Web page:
The Catholic Church in Australia is calling for an increase to the minimum wage in the country, saying that it will help lift families out of poverty.
Megan Kavanagh, a member of the Australian Catholic Bishops Conference Employment Relations Reference Group, said in a March 17 statement that Australian tradition going back to what is known as the Harvester Case of 1907 dictates that full-time employees with dependents should be able to support themselves without falling into poverty.
“The current level of the minimum wage falls far short of the objective identified and set by Harvester in a much less prosperous Australia 112 years ago,” Kavanagh said.
The Church is calling on the Fair Work Commission to step up, arguing that it has not done enough to support hundreds of thousands of families who are suffering from low wages, as well as children who are living in poverty.
Current minimum wage in Australia is $18.93 per hour. The Austrlaian Catholic Bishops Conference is calling in its submission to the Fair Work Commission for the wage to be raised to $20 per hour.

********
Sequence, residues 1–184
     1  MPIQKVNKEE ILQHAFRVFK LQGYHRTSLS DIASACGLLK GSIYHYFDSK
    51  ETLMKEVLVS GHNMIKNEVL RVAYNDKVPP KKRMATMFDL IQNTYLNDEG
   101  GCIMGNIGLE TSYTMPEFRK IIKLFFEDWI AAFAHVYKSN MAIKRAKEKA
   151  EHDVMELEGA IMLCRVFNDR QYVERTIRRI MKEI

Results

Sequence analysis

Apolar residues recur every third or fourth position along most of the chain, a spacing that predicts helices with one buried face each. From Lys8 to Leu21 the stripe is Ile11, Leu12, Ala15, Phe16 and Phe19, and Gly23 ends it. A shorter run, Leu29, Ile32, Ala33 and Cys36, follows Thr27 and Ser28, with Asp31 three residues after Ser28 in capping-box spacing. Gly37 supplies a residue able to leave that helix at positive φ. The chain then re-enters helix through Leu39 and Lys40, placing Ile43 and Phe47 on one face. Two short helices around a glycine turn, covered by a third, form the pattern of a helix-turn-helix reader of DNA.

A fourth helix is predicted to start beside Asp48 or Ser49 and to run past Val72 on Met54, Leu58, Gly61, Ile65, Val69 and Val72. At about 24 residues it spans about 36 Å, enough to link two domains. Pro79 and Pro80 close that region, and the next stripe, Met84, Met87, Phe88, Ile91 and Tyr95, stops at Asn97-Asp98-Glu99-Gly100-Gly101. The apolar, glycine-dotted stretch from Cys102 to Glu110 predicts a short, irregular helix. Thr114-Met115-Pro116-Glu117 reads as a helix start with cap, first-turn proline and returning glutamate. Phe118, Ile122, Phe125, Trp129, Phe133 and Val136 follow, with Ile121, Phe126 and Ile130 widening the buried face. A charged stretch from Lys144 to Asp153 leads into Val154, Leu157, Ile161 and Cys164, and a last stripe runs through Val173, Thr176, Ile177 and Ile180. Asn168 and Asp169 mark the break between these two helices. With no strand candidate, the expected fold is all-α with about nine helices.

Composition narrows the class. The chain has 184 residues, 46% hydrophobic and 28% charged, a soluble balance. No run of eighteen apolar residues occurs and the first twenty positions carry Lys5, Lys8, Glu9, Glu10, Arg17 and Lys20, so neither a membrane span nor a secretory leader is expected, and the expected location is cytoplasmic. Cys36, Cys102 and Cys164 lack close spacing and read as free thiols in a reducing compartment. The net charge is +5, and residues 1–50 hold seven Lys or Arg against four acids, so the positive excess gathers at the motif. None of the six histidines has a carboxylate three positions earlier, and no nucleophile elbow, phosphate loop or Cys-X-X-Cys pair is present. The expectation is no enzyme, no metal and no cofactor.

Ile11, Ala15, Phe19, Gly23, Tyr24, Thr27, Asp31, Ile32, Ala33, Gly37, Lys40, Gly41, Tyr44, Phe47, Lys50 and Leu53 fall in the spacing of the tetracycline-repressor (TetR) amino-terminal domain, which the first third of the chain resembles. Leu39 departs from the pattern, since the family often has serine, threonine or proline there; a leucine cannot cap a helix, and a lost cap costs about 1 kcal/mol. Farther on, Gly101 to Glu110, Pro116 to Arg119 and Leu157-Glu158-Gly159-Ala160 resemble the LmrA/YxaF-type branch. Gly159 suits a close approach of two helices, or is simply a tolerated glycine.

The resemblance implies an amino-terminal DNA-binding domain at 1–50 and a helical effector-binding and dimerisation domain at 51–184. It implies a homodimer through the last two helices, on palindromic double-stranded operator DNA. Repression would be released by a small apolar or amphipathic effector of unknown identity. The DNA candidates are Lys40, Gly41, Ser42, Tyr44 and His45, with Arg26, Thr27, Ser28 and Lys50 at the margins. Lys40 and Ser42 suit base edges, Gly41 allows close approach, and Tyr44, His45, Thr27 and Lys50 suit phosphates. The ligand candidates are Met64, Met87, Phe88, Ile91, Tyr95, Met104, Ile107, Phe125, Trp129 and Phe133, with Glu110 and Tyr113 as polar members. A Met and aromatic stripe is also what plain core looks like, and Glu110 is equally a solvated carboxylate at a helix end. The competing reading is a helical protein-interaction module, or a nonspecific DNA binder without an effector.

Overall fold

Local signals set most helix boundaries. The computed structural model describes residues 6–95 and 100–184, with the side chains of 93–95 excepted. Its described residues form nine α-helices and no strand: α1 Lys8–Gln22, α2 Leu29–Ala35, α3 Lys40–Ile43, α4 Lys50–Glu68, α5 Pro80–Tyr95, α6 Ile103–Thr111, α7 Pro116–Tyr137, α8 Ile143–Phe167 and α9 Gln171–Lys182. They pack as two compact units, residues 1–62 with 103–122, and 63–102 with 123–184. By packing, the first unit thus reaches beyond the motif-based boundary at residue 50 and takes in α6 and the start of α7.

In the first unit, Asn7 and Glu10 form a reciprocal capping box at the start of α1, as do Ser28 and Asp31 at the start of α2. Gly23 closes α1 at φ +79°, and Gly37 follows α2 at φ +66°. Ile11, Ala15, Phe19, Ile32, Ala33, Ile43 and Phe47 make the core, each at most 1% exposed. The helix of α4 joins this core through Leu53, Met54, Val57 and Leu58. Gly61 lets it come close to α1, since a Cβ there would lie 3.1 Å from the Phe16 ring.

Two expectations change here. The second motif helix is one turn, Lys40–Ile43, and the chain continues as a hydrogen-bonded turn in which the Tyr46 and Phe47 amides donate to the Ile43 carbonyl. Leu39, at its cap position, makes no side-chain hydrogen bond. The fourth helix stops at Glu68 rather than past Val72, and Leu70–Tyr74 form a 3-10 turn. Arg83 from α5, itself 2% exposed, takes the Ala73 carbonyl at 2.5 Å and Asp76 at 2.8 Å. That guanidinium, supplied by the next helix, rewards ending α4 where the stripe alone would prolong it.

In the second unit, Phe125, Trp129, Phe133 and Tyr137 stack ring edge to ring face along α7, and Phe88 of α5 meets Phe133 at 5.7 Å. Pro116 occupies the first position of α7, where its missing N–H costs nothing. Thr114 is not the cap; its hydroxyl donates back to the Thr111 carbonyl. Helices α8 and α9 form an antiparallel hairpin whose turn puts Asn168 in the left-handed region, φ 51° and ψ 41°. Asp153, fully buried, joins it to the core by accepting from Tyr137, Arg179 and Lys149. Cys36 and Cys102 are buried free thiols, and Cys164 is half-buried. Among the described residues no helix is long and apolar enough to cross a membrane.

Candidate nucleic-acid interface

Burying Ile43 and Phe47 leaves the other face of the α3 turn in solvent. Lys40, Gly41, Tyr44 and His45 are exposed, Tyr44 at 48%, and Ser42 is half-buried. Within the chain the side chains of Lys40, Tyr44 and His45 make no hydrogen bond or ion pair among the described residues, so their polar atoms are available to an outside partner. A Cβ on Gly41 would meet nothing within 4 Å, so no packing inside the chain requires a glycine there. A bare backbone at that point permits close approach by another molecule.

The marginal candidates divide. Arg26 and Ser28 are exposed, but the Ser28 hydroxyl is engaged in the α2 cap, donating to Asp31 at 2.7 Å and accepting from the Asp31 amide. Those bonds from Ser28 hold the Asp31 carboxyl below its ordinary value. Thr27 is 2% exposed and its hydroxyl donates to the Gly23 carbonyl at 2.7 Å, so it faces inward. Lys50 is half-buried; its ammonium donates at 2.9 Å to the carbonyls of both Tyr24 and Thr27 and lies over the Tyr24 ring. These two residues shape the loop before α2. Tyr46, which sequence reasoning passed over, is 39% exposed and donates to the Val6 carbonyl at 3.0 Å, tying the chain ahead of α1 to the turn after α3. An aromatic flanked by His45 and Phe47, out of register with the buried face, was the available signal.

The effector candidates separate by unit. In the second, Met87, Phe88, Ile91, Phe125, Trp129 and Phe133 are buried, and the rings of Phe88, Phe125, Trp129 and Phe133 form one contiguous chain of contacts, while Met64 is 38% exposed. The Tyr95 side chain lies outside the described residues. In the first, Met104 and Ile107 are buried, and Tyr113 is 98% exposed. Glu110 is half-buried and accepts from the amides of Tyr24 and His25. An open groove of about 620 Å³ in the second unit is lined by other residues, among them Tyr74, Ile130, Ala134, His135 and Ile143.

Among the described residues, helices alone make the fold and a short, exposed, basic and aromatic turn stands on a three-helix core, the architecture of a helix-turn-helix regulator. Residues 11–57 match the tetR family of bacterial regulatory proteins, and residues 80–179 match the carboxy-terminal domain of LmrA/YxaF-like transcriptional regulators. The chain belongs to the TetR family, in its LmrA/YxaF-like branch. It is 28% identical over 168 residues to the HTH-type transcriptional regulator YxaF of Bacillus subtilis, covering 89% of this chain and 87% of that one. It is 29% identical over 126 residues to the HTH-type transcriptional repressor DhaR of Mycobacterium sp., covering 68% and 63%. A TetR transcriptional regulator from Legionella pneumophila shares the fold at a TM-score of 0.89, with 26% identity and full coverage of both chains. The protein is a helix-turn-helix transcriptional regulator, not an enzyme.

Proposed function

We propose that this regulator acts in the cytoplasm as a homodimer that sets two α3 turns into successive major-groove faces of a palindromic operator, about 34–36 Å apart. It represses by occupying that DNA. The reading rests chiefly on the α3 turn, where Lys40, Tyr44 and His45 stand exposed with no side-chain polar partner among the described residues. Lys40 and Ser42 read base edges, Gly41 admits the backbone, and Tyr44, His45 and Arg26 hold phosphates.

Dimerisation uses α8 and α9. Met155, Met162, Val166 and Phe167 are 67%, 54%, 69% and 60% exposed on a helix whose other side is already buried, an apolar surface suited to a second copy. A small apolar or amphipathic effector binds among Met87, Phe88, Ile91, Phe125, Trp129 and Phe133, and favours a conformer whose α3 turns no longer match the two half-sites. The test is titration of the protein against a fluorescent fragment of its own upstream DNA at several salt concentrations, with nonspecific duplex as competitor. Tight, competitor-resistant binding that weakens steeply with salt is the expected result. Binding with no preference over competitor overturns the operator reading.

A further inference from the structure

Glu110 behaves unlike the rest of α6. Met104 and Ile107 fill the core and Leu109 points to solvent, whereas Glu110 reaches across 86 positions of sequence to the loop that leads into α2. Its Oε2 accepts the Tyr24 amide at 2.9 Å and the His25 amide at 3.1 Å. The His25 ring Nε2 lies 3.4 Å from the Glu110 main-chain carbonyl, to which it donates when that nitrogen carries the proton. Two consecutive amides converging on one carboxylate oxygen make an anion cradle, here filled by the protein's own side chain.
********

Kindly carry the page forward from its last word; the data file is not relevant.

Kavanagh said this would be an important first step in resolving economic problems facing working families.
She noted that the value of the minimum wage in Australia has declined relative to national wages in the last 20 years.
“The Fair Work Commission last year found that the minimum wage provided a reasonable income for a single adult without family responsibilities,” she said. “In other words, what was an inadequate wage for a family two decades ago has become a reasonable wage for a single adult without family responsibilities. That is simply unacceptable.”
The government should address the poor living standards of people in low-wage jobs, either by increasing minimum wage or offering more government assistance, stressed Joe Zabar, director of economic policy at Catholic Social Services Australia.
He warned that policy moves such as freezing or reducing Family Tax Benefits in recent years have only served to prevent families from achieving living wages.